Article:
Early stage drug candidates are increasingly being recognized to have potential applications in several therapy areas; especially in case of several diseases with a similar etiology. Illnesses associated with immunology, oncology and metabolic disorders might possibly be characterized by different physiological involvement while they share a similar underlying cause. (1)

Several medicines currently available as well as many more in the pipelines are likely to be effective in multiple indications. More than half of the major cancer medicines currently in use have multiple indications. By 2020, this share is estimated to rise up to 75 percent with possibly varying prices. Since on-patent medicine prices justify their value, multi-indication medicines should have different prices across indications. Different prices for different indications or for individual patient sub-groups eligible for treatment with the same medication can be assigned with indication-specific pricing (ISP). The relative clinical benefits of a drug can vary widely between populations within the same indication. (2) However, the existing pricing and reimbursement systems are unprepared to handle this as there is still a uniform price across all indications. Thus, price and clinical value often do not align well across multiple indications. (3)

This can be explained by an example of Enbrel (etanercept), which can be used in several inflammatory conditions, ranging from rheumatoid arthritis (RA) to moderate psoriasis. Since dosing regimens as well as the form of this medication are similar across indications, the product (and its competitors) is facing pricing challenge as the company has not been able to set difference prices for multiple indications. This can be attributed to restrictions on the use of Enbrel in RA and psoriasis, in terms of varying degrees of complications. Some companies have even received approvals for different brands of the same compound targeted for different indications. However, due to companies failing to differentiate the prices for such products, it is doubtful in today’s environment that payers would allow a price difference to stand. (4)

A few of the current pricing models do allow for a “blended” pricing approach, which is still a uniform pricing; however, the price is based upon an average of the value of all of the indications, weighted by anticipated patient volumes. The challenge with such an approach is whether decision makers approve of the correct price to use when deciding about patient access to a particular indication. (3)

Multi-indication pricing (MIP) method is used to set a different price for each indication approved for the medicine. This is to make sure that medicines are priced according to value per indication, in line with the standard economic theory when arbitrage does not prevent differential pricing. This may provide patients with an opportunity to access a medicine if priced as per the expected value for the potential outcomes achieved in that particular indication (usually expressed as a cost-effectiveness threshold). This way, companies will have an incentive to develop lower-value indications instead of high-value ones to sell at relevant (lower) prices, knowing that they can keep a high price for an existing high-value indication. (3)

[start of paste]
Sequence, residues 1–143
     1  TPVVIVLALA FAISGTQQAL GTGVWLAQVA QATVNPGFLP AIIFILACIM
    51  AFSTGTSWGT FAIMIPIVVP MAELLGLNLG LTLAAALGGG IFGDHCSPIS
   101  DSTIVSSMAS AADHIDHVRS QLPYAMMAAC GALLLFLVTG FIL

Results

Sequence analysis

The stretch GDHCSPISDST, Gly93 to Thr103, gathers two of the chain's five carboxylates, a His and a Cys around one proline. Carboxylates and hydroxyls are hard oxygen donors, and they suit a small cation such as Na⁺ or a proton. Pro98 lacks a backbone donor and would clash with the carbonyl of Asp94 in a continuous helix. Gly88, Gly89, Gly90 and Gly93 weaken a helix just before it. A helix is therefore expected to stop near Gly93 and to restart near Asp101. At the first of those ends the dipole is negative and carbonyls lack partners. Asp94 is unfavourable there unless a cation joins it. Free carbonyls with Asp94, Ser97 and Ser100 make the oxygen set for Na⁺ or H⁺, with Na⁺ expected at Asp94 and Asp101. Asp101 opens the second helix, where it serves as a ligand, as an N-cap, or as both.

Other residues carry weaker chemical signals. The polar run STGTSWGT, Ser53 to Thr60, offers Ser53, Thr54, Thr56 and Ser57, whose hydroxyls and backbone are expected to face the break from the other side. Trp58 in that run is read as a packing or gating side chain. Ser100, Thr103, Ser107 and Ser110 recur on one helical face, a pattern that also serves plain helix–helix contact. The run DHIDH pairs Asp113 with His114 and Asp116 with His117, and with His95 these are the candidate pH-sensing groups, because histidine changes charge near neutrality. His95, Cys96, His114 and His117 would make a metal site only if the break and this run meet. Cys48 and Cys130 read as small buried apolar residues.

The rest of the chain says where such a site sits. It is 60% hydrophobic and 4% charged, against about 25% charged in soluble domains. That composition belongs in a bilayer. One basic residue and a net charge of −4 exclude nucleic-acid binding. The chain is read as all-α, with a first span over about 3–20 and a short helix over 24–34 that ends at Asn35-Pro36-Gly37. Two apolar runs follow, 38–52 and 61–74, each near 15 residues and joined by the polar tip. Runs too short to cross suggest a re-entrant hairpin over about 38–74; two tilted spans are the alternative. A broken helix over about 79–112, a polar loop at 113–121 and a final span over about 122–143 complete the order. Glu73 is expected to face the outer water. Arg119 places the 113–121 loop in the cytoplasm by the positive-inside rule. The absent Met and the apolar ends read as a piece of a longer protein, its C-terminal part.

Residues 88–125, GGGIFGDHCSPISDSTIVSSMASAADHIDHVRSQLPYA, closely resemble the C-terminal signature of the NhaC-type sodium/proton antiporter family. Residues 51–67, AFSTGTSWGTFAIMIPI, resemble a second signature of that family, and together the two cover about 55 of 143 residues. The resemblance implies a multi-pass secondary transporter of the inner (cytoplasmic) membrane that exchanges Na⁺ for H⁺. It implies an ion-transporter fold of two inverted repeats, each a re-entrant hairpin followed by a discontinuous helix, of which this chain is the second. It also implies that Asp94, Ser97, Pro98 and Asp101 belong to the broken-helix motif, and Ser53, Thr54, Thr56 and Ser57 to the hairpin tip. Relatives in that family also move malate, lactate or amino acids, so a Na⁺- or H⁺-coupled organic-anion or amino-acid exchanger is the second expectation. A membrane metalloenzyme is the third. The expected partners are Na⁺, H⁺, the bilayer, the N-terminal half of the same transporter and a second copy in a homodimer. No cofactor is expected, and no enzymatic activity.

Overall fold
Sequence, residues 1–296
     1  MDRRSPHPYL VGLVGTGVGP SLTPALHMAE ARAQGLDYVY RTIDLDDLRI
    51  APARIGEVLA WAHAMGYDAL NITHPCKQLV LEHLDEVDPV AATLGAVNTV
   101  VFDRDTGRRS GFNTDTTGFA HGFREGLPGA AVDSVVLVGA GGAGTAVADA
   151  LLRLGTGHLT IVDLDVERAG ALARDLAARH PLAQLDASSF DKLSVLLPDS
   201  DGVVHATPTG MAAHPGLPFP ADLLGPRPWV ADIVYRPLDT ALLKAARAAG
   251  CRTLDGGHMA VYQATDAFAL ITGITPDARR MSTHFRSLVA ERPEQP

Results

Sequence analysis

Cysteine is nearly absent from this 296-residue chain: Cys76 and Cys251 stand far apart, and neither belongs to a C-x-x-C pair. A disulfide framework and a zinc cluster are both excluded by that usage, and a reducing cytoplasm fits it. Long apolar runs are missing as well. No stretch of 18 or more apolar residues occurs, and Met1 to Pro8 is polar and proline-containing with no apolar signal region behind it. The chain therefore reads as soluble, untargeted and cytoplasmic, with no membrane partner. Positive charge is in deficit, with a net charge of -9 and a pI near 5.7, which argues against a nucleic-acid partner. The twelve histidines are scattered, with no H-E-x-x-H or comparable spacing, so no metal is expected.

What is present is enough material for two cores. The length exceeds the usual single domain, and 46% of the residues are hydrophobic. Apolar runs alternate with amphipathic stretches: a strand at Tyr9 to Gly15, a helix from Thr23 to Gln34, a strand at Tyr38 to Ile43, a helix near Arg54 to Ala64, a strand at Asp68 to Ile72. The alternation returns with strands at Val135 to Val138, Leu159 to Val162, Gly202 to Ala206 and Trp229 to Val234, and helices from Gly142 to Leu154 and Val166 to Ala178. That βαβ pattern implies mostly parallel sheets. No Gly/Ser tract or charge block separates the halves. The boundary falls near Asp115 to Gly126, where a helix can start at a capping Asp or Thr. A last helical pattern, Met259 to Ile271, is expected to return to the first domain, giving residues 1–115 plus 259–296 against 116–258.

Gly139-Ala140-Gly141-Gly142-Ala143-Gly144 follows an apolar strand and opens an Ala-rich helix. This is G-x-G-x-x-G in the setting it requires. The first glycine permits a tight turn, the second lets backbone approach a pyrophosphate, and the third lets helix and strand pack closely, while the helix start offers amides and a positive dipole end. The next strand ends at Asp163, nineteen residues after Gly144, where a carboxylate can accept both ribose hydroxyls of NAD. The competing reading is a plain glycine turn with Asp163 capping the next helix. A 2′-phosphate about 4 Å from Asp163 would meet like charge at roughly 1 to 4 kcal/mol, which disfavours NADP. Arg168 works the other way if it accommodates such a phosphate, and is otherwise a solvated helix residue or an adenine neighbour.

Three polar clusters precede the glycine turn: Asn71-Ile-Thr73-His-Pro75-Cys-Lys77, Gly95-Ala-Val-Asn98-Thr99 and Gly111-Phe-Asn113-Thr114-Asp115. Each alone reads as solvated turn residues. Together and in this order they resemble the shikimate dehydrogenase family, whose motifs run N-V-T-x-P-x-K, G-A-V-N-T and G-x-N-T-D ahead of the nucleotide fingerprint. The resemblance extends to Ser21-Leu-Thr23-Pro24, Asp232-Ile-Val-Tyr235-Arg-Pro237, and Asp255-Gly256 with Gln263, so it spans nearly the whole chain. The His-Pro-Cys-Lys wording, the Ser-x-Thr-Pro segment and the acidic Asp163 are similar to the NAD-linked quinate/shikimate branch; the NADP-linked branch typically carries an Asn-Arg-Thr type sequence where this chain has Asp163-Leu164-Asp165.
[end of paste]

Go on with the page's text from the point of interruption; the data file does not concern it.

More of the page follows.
MIP administered through different brands of the same molecule is of little relevance for medicines with various oncology indications – which in itself is a big challenge. One country that has attempted this challenge is Italy, through the Agencia Italiana del Farmaco (AIFA) – which is responsible for monitoring drug usage across indications with patient registries for multi-indication, single-brand medicines. (3)

Increasing number of researchers are finding promising therapies already developed for one disease that could help treat another. Many academics have found promise in inexpensive generics that have long been on the market whose patents have expired. Some companies in the hope of getting returns on their investments are also looking to repackage existing drugs still under patent, such as those that were shelved after unsuccessful trials. This is because resources have already been spent on these unapproved therapies, which is why companies see value in attempting to revamp them for a new indication. Most of such successful cases of drug repurposing have been largely appropriate discoveries. For instance, Sildenafil, sold as Viagra since 2005, was tested as a treatment for erectile dysfunction only after erections emerged as a side effect in Phase 1 trials for cardiovascular disease. Moreover, the antihypertensive Minoxidil was re-formulated into the topical cream Rogaine after patients experienced hair re-growth. Driven by these success stories, researchers are now taking more strategic approaches to identify new uses for existing and failed drugs, relying on new high-throughput techniques such as large-scale screens and bioinformatics strategies to mine data for drug-disease connections. (5)


  1. McConkey D, Wild L. Modelling the impact of multiple indication drug launch on total revenue. Value Health (PRM19) 2014; 11:A233-A510
  2. Pearson S, Dreitlein B, Henshall C. Indication-specific pricing of pharmaceuticals in the united states health care system – A Report from the 2015 ICER Membership Policy Summit. ICER: Institute for Clinical and Economic Review. March 2016
  3. Mestre-Ferrandiz J, Towse A, Dellao R, et al. Multi-indication Pricing: Pros, Cons and Applicability to the UK. Office of Health Economics: Seminar Briefing. 18th October 2015
  4. Kolassa EM. Pharma’s biggest pricing challenge. PM360. August 2012
  5. Azvolinsky A. Repurposing Existing Drugs for New Indications. The Scientist. January 2017


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